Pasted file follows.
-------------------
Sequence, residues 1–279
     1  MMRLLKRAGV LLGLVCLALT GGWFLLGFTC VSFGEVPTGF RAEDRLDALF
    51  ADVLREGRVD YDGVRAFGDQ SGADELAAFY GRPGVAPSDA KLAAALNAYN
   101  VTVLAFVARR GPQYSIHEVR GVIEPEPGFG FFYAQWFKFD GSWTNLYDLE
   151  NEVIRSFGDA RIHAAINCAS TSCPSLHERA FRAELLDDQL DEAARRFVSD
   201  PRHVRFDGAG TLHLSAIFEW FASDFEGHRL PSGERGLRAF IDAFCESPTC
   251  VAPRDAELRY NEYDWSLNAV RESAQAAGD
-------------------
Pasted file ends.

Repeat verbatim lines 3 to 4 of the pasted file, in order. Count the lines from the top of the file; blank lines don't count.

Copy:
    51  ADVLREGRVD YDGVRAFGDQ SGADELAAFY GRPGVAPSDA KLAAALNAYN
   101  VTVLAFVARR GPQYSIHEVR GVIEPEPGFG FFYAQWFKFD GSWTNLYDLE